On page 319 of The Ends of Power, by H.R. Haldeman (with Joseph DiMona), we read of Haldeman’s reaction to an instruction that President Richard Nixon gave to him.
“[Nixon said:] ‘I want you to go in the other room and call Colson
and check out two things. First, find out exactly what he discussed
with Hunt’s lawyer when he met with him in January. Specifically, I
want to know whether he mentioned the President in any way when he
talked about clemency for Hunt. And I want to know precisely how Colson
raised the point and what he said.’ Since I didn’t know that Colson
had discussed clemency with Hunt’s lawyer in January, this order came as
a bit of surprise, but I was used to that. It was Nixon’s habit to
assume that I knew what he was talking about, or that I would somehow
find out. He didn’t often waste much time explaining to me.”
One characteristic of some people with Asperger’s (or so I have read)
is that they blurt things out without offering much context for what
they are talking about. I’m not sure if this is true of all people with
the syndrome, for there are people with Asperger’s who are known for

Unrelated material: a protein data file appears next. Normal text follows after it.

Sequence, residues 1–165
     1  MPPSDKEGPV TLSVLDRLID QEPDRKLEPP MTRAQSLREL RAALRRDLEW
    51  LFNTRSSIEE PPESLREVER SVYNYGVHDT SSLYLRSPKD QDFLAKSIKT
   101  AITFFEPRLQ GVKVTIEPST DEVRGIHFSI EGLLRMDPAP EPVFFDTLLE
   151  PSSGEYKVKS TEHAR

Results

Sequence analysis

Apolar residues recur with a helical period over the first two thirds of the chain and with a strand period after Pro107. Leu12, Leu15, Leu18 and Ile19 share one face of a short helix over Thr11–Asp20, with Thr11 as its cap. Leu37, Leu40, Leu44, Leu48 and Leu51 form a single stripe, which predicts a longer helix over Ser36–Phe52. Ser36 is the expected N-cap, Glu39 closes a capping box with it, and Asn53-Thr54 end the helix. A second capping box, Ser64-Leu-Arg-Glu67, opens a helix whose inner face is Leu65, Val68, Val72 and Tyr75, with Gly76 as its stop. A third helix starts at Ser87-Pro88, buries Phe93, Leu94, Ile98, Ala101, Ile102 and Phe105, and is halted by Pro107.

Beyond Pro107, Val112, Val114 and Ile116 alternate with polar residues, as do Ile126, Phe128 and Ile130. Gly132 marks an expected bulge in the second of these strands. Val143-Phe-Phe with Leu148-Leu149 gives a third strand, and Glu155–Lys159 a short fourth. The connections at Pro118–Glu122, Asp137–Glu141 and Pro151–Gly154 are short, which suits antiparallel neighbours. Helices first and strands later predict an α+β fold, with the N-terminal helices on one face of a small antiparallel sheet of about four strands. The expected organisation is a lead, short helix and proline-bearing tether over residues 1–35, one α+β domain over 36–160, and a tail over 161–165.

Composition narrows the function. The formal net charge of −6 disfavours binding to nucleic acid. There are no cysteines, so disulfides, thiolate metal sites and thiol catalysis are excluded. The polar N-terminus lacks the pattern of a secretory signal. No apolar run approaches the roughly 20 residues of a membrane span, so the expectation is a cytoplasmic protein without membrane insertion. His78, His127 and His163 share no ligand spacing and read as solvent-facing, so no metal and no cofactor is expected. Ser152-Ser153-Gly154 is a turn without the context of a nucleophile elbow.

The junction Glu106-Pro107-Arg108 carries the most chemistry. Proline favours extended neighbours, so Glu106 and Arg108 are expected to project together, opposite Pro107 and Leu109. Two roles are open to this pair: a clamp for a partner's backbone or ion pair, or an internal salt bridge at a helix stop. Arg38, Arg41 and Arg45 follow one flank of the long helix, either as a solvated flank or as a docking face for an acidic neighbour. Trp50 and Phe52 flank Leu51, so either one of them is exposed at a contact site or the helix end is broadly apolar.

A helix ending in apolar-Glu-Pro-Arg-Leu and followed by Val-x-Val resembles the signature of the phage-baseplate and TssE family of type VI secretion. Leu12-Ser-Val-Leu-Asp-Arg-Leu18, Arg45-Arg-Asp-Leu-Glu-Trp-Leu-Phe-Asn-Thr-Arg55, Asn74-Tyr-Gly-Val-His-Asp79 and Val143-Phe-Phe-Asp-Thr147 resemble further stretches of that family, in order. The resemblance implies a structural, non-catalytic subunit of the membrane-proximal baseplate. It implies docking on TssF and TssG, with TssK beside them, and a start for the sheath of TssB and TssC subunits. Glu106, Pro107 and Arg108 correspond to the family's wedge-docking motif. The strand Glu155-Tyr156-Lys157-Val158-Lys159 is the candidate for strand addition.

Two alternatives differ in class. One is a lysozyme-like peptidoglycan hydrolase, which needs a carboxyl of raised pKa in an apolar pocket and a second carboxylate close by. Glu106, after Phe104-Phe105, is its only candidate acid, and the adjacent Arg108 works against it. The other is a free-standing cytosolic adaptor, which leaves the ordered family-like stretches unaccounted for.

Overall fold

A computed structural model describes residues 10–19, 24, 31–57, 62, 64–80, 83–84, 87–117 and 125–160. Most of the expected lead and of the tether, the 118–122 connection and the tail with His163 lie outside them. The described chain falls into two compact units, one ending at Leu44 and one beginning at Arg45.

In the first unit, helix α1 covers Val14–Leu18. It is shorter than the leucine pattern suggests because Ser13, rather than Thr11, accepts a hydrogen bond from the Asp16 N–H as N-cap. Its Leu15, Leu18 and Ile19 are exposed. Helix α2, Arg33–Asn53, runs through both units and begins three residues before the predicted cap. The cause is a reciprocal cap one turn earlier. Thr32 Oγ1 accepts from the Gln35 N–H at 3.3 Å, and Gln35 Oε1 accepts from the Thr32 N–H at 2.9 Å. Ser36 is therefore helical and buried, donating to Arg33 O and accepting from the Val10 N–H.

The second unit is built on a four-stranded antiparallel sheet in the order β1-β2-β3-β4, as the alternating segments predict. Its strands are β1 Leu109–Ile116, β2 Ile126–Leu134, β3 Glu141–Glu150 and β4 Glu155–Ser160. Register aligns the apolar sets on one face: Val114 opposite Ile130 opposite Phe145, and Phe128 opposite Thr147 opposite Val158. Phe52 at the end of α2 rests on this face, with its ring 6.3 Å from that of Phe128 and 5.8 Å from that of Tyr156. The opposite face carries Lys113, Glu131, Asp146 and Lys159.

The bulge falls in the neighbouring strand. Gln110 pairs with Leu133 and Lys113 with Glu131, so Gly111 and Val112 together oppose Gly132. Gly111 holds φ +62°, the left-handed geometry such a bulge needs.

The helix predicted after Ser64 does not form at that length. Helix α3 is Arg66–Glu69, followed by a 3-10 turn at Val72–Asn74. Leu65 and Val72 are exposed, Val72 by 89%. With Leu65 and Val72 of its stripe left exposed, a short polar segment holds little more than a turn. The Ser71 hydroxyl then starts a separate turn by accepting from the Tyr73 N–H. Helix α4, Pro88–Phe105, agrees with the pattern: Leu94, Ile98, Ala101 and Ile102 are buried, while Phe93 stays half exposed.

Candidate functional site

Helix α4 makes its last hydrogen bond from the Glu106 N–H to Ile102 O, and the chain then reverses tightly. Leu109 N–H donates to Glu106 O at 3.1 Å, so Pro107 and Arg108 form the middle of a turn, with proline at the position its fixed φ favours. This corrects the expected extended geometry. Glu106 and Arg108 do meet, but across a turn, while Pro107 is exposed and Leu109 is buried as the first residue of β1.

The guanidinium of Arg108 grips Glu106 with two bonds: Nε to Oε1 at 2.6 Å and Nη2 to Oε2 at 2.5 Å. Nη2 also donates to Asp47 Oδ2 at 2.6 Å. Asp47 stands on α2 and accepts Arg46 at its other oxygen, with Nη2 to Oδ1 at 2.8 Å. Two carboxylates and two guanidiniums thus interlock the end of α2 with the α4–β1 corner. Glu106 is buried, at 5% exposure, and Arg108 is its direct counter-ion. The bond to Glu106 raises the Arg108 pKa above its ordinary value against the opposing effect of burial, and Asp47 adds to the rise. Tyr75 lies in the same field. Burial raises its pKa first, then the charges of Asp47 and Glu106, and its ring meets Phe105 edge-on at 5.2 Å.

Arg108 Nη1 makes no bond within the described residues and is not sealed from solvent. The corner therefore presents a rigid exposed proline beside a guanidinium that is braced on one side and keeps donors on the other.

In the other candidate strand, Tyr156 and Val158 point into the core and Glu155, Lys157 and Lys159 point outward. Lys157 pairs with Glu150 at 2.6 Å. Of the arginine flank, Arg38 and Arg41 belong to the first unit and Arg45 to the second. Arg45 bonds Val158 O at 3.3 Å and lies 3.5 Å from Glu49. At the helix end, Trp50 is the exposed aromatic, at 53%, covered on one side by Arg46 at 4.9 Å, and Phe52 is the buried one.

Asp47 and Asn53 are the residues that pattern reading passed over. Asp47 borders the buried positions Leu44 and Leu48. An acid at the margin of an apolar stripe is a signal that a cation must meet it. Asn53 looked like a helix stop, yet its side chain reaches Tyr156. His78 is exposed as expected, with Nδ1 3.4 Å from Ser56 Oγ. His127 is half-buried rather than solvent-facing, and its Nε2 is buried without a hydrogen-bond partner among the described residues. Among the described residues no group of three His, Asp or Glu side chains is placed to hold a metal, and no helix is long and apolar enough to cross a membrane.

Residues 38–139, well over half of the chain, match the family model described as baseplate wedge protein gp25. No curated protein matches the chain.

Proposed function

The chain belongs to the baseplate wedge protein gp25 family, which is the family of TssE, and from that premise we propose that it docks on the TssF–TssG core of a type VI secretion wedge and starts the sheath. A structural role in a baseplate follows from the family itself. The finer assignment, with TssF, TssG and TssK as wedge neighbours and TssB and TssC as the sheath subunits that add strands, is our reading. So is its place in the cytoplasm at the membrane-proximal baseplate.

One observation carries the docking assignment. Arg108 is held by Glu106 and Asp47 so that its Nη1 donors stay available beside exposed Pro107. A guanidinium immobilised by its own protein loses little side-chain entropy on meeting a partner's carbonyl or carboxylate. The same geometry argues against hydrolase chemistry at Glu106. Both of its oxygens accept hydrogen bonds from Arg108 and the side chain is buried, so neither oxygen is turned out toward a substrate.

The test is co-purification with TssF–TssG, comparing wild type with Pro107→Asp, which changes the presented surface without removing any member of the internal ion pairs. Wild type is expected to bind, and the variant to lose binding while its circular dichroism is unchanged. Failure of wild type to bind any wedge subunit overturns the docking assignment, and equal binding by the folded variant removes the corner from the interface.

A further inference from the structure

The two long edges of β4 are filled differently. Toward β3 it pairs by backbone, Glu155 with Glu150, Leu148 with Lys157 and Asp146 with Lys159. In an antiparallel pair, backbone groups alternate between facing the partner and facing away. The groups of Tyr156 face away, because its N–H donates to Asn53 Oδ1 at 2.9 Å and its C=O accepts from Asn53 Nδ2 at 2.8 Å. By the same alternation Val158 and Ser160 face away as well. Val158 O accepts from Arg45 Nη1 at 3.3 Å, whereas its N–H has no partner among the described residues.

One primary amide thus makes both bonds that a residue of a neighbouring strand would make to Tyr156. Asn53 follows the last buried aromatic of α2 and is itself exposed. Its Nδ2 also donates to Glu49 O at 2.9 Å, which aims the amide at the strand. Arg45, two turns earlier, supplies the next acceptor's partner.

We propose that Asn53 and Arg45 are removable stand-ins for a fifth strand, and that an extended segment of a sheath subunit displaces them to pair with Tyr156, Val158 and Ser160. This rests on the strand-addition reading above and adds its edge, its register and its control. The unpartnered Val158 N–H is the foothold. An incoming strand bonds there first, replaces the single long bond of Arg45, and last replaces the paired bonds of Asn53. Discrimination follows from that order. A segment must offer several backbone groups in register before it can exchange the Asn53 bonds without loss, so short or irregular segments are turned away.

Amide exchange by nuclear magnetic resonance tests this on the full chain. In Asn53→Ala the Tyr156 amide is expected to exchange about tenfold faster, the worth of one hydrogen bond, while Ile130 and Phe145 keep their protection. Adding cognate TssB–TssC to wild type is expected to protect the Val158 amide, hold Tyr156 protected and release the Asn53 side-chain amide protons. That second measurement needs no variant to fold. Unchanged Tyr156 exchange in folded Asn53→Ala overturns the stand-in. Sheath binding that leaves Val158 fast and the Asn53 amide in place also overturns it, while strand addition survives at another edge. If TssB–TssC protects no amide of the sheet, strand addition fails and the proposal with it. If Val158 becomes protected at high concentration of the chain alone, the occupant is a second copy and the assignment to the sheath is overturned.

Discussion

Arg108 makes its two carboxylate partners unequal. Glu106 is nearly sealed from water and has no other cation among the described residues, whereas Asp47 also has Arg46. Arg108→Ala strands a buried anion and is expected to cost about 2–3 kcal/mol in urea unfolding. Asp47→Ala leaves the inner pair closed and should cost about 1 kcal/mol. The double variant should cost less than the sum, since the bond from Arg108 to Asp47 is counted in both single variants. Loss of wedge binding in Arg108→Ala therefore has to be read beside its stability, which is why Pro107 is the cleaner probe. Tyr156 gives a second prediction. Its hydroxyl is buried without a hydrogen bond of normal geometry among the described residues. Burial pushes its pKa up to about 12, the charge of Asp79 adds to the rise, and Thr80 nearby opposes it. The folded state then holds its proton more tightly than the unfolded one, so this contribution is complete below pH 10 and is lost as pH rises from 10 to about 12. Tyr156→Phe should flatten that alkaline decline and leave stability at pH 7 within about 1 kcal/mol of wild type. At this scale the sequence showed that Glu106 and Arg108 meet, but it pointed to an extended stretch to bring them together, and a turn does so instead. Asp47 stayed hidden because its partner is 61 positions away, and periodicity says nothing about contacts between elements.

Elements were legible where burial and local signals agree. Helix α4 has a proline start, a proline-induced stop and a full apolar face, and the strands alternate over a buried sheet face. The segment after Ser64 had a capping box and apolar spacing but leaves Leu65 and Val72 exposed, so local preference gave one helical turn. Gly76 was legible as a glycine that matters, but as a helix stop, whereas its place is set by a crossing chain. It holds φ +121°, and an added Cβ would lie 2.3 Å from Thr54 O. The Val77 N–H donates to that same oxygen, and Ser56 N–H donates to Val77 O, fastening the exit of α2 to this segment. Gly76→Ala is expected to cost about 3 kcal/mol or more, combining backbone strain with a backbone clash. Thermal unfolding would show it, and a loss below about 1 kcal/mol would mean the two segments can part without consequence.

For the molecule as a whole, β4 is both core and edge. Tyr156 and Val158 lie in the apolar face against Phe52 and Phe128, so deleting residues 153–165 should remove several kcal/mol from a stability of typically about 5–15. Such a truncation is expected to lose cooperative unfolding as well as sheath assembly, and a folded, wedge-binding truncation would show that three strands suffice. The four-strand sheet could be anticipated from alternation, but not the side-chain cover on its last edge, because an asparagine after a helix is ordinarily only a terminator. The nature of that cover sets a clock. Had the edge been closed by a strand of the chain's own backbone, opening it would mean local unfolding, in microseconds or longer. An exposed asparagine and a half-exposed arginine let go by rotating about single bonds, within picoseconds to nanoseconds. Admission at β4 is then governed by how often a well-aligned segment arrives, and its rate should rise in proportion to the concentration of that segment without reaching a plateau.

delivering monologues, and I wouldn’t be surprised if those monologues
provided context. But I know that, in the case of myself and certain
other people with the syndrome whom I have encountered, we tend to say
things without providing much context for what we are saying. And
people look at us quizzically, wondering what exactly we are talking
This is something for me to work on, insofar as I can. I think that
one reason that I may not offer a lot of context is that I don’t like to
talk. Another reason may be that I don’t feel that people give me much
of a chance to provide context, for they lose interest in what I am
saying and turn their attention onto something else, or I get cut off.
In this case, maybe one thing for me to work on is to try to hold
people’s interest. Perhaps I can dramatize what I am saying!
In writing this, I’m not dogmatically suggesting that Nixon had
Asperger’s. As a lawyer and a politician, there were plenty of times
when he provided context for what he was talking about. But perhaps he
preferred not to do so when he did not have to.
Martyn Lloyd-Jones interview
5 hours ago